Cellular aspects of molecular pharmacology


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Cellular aspects of molecular pharmacology

  2. 2. Receptors G-protein coupled receptors  Ion Channel Receptors Receptor-enzymes Cytosolic-nuclear receptors
  3. 3. G-protein coupled receptors
  4. 4. G-protein coupled receptor: GPCR Examples: Adrenergic receptors Muscarinic ACh receptors GABAB receptors Metabotropic Glutamate receptors Dopamine receptors Metabotropic Serotonin receptors
  5. 5. G-protein coupled receptor: GPCR More examples—hormones: Angiotensin receptor Bradykinin receptor Thrombin receptor FSH receptor LH receptor TSH receptor ACTH receptor
  6. 6. GPCR structure A single subunit with 7 transmembrane segments out in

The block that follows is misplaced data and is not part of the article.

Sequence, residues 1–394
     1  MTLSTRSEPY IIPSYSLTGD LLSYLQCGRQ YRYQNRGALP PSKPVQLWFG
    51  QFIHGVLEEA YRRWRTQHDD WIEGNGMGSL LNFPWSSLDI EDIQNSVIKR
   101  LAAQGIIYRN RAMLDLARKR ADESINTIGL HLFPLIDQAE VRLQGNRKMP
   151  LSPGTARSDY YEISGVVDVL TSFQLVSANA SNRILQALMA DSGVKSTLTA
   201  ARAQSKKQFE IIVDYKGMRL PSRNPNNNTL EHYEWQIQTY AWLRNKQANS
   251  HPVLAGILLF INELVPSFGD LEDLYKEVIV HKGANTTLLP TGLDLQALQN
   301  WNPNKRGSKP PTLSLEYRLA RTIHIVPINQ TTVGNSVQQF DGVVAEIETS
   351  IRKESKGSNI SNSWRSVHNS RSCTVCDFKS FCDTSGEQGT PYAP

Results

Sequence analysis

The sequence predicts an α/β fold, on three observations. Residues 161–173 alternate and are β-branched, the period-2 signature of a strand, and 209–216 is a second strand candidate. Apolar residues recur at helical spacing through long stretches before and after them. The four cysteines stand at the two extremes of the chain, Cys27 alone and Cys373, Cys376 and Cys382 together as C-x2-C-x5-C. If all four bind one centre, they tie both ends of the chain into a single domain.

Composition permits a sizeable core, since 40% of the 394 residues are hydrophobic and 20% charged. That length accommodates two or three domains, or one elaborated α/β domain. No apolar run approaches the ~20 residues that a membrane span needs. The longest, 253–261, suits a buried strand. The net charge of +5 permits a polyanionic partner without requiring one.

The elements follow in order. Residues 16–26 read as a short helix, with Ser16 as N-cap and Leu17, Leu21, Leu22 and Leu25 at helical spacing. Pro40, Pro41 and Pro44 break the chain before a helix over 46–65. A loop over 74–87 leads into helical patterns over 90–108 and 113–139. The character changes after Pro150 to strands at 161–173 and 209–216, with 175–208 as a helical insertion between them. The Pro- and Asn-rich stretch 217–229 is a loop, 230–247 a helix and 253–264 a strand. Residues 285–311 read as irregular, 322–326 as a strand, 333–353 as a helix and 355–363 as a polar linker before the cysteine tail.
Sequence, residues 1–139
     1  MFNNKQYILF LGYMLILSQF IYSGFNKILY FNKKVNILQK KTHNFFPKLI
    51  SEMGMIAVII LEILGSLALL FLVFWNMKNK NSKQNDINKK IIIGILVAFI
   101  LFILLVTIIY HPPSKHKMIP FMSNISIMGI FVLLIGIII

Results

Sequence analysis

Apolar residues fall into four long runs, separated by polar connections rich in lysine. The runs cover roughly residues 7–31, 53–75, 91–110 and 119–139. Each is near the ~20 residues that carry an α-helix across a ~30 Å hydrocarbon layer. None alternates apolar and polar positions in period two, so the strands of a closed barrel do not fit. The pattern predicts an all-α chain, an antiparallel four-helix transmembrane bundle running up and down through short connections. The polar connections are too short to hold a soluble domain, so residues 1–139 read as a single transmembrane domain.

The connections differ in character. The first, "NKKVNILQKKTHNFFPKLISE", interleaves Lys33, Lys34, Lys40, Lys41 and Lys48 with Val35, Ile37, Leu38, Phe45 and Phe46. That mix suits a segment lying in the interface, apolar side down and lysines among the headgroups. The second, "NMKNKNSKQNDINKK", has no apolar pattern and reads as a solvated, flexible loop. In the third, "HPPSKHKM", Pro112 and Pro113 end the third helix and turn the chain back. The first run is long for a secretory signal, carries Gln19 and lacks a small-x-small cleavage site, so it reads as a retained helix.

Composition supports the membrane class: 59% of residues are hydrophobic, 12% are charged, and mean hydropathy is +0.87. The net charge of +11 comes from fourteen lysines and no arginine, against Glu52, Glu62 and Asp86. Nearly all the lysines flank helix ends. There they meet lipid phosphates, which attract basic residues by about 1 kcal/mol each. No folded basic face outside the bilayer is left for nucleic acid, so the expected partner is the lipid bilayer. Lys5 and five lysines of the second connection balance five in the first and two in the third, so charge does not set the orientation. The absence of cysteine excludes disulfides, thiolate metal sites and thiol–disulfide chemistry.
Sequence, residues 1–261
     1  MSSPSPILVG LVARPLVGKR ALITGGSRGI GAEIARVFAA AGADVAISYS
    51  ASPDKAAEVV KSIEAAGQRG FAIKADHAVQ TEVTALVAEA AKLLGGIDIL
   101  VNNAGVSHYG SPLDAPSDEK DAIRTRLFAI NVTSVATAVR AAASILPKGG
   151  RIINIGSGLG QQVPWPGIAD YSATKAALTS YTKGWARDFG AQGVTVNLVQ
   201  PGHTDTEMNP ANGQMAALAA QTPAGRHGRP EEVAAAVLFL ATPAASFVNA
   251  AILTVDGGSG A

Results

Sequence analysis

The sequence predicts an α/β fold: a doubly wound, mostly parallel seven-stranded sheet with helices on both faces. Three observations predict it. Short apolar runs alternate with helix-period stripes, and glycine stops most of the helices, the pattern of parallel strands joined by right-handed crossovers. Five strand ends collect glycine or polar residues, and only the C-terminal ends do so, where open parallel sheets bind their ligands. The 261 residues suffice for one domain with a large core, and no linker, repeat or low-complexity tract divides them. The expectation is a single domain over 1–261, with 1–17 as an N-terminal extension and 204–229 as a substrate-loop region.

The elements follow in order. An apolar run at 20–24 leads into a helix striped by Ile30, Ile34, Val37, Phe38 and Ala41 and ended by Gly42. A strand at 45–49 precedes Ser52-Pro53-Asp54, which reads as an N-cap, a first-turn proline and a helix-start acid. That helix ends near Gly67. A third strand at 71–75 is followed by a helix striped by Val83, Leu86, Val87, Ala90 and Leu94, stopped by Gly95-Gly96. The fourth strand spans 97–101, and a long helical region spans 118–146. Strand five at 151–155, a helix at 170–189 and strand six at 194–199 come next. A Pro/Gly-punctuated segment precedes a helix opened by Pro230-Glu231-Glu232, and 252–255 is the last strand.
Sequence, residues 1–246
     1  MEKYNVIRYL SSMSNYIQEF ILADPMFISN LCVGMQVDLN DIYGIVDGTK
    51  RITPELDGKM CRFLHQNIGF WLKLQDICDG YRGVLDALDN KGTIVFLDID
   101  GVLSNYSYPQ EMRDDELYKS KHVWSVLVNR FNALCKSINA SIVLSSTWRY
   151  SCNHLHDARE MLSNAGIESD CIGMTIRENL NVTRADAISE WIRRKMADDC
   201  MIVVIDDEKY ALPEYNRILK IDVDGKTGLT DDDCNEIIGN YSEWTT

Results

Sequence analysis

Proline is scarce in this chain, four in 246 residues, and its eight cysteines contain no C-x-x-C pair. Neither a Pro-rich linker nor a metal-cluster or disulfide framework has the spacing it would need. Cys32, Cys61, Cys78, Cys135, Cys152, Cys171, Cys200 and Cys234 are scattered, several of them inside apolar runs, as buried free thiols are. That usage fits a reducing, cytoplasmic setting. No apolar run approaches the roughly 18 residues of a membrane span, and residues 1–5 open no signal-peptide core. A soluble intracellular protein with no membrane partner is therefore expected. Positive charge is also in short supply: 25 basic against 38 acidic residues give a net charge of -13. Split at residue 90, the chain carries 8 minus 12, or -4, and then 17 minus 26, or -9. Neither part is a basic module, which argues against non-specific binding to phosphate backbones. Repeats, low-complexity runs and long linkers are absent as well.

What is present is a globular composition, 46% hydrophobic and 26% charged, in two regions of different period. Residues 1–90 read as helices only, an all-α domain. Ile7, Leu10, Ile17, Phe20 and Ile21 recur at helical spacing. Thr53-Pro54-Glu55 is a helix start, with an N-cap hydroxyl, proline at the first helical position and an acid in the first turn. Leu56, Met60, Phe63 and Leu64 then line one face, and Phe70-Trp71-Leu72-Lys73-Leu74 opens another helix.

7. 7. A depiction of how GPCRs activate signaling
  8. 8. Ligand + GPCR GPCR* GPCR* abg a + bg signaling abg Heterotrimeric GTP-binding protein (G protein) GPCR G-protein coupled receptor signalin g Another depiction of how GPCRs activate signaling
  9. 9. Heterotrimeric GTP-binding proteins cycle between GTP- and GDP-bound state Binding of ligand to G-protein coupled receptor facilitates exchange of GTP for GDP, a and bg dissociate a b g GDP a b g GTP INACTIVE ACTIVE
  10. 10. Heterotrimeric G proteins •Activated by binding of ligand to 7-transmembrane receptor (G-protein coupled receptor) •Ligand binding causes dissociation of a and bg subunits •Dissociation allows GDP to exchange for GTP •GTP binding causes conformational change, a subunit can now interact with effector (e.g. AC) •GTP is hydrolyzed to GDP, a subunit dissociates from effector •Signal is terminated
  11. 11. Adenylate cyclase Membrane protein makes cAMP from ATP ATP cAMP